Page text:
Sanna Ejaz: Upon joining the Pashtun Tahafuz Movement, I was forcefully removed from both my position with the NGO and as anchor for Pakistani Television (PTV). Members of the deep state intervened to oust me from PTV and then put pressure on Shirkatgah, a women’s resource center, to remove me from that position as well. Even as Shirkatgah itself worked with UN Human Rights organizations, they chose to compromise their mission and vision to appease the Pakistani state agencies. The same state agencies that continually stalked and harassed my journalistic sources and myself in order to hinder me from performing my duties.
Bazger: After being forced out of your position with PTV and that of Shirkatgah, have you tried to obtain a position elsewhere, and if so, what difficulties have you faced?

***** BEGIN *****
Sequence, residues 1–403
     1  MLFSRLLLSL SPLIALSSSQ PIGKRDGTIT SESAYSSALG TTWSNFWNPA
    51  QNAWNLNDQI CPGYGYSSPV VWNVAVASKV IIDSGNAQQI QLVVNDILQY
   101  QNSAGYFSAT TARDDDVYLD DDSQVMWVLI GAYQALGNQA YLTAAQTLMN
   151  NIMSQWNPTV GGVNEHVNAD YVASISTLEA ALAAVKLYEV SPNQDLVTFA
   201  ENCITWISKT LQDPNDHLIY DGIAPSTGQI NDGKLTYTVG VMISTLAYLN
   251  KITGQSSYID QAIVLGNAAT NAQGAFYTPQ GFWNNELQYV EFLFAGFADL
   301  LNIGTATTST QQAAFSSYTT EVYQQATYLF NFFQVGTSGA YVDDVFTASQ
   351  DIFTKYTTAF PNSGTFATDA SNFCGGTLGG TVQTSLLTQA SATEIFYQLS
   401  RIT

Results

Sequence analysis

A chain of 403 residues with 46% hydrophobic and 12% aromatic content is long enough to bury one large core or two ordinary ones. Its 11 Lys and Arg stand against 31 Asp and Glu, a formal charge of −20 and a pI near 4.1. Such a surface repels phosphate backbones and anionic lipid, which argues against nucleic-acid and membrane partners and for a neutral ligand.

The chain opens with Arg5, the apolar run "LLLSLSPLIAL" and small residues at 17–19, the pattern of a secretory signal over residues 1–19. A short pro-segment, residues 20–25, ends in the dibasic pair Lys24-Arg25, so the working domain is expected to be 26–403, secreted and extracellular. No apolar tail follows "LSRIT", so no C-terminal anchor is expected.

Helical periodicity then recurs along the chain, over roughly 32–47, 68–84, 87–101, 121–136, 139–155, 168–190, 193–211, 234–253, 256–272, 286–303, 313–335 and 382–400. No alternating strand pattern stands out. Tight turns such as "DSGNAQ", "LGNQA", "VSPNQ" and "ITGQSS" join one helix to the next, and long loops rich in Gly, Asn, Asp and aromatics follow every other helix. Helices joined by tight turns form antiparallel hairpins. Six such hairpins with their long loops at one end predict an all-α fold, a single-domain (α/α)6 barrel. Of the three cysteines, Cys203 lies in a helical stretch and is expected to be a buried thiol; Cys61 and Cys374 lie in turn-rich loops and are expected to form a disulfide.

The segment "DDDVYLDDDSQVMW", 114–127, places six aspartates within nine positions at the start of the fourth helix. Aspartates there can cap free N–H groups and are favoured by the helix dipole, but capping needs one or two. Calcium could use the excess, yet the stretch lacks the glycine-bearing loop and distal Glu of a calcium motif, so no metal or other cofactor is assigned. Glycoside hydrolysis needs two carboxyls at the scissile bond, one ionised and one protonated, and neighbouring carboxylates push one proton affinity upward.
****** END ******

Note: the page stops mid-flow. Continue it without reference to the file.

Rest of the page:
Sanna Ejaz: To date I have not obtained any employment after my anchor position at PTV. I want nothing more than to be able to provide financially for myself and my family, but I cannot compromise my morals and ethics in doing so. The fight for basic human rights for all Pashtuns is worth the risk I take in being alienated and blacklisted in the professional workforce. If I am able to secure a position in journalism or social activism, fields that I have worked in for the last decade, that will allow me to continue my struggle for human rights, then that would be ideal.
Bazger: Now that you have gained notoriety as a human rights activist amongst the people on both sides of the Durand Line, as well as those living in diaspora throughout the world, and are considered a hero of sorts, what if any effect has this had on your day to day living in Peshawar and Pashtunkhwa in general. Has the government also embraced your identity as a human rights champion for Pashtuns?